Book review: Unexploded By Alison MacLeod

This novel about a stagnant marriage set in wartime is a worthy contender for the Man Booker

Lucy Scholes
Monday 12 August 2013 16:30
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The Second World War is well-trodden ground, so much so that any author revisiting the period has to offer up something new and spectacular. Alison MacLeod achieves this and more in Unexploded, the wartime-set story of a struggling marriage that's more than a worthy contender for this year's Man Booker Prize.

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Brighton, May 1940, where it's "as if the nerves of the population ran like thin fuses through the cliff-line's strata of chalk and flint", as everyone awaits the inevitable swarm of Nazi troops up the beaches. Fear is "airborne, seaborne – rolling in off the Channel", where already "white sheets and pristine table linen were hanging from every window on the Channel Islands."

On Park Crescent, Geoffrey and Evelyn Beaumont and their eight-year-old son Philip are similarly infected. Geoffrey – the town's bank manager and Superintendent of the enemy alien camp that's been erected on the town's race course on top of the hill – might be called away on matters of national security at any moment. He's buried an old flour tin in the garden, and left instructions for Evelyn to dig it up in the event of his departure.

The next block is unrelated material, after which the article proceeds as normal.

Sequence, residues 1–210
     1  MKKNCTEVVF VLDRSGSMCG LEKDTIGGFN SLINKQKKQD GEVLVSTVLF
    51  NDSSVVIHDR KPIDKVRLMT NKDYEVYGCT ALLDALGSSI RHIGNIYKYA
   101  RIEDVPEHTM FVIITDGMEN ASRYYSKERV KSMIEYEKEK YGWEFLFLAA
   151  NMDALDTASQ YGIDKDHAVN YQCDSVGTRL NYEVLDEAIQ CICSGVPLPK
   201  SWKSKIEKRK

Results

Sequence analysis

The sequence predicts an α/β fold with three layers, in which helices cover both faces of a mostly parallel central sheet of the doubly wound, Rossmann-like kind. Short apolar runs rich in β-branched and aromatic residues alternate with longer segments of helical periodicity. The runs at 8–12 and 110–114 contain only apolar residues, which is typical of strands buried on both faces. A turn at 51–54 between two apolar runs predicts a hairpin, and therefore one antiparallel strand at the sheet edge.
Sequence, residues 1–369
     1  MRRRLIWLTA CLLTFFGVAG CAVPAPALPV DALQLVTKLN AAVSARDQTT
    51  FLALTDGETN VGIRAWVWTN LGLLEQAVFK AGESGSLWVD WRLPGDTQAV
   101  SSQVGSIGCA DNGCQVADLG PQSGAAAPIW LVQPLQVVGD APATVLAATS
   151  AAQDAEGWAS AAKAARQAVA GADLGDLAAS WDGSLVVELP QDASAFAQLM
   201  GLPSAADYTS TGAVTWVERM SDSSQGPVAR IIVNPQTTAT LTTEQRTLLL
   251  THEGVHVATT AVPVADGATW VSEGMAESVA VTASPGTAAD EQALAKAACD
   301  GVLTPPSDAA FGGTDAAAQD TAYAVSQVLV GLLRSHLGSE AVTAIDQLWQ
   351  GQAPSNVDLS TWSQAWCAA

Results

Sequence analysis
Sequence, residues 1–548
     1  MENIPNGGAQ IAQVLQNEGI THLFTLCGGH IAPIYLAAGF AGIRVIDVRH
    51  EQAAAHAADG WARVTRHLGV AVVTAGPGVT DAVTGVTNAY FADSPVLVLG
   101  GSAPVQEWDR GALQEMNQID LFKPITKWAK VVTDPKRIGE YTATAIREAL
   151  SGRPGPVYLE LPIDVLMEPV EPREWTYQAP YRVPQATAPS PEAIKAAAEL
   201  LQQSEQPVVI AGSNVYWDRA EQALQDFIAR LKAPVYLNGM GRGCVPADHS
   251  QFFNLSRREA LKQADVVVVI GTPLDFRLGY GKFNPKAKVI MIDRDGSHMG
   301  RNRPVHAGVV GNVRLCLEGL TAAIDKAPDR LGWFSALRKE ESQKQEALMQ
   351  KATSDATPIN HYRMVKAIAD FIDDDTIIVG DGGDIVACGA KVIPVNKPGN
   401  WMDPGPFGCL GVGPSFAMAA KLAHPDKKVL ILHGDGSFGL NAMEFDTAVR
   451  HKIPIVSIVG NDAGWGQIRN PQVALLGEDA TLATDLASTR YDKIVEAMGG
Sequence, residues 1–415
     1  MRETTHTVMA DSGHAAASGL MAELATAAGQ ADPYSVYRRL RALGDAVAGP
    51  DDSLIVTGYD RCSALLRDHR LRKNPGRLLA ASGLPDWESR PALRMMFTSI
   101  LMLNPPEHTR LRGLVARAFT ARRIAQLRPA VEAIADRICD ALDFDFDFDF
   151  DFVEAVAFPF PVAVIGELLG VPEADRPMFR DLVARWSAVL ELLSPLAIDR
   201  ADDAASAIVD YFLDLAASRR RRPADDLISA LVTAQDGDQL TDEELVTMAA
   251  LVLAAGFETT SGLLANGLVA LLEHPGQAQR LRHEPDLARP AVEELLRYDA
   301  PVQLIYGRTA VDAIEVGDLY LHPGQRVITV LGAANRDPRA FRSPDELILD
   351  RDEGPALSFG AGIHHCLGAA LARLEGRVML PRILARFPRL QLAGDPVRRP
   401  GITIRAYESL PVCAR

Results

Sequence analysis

Sensing something untoward, she unearths the treasure that very night: £200 in cash, and two small green capsules that "gleamed like bullets" in the moonlight. That Geoffrey could even contemplate leaving her and Philip, and in doing so bequeath them this fate, lies heavy on Evelyn's heart. A wedge is driven between husband and wife, and their previously contented relationship stagnates in the heavy summer heat, each of them alone in their own "tangle of private thought".

In an attempt to do her bit, Evelyn volunteers to read to the sick men at her husband's internment camp. There she meets Otto Gottlieb, a "degenerate" German-Jewish painter who arrived in the country with forged bank notes. What they experience is not a moment of locked eye contact or an immediate meeting of minds, but rather a slow, suspicious, drawn-out journey of discovery of something in each other that, when eventually forced to its crisis, shatters the entire fabric of their lives and that of those around them.

MacLeod is stunningly good on the slow creep of mounting tension against the backdrop of the oppressive summer heat: "The weather needed to break. The war needed to break. The entire town seemed to live on short, staggering breaths." Not to mention knowing what's more powerfully left to the imagination, whether the day-to-day details of a floundering marriage, or Nazi cruelties indescribable. Unexploded is like a piece of finely wrought ironwork, uncommonly delicate but at the same time astonishingly strong and tensile; it's a novel of staggering elegance and beauty.

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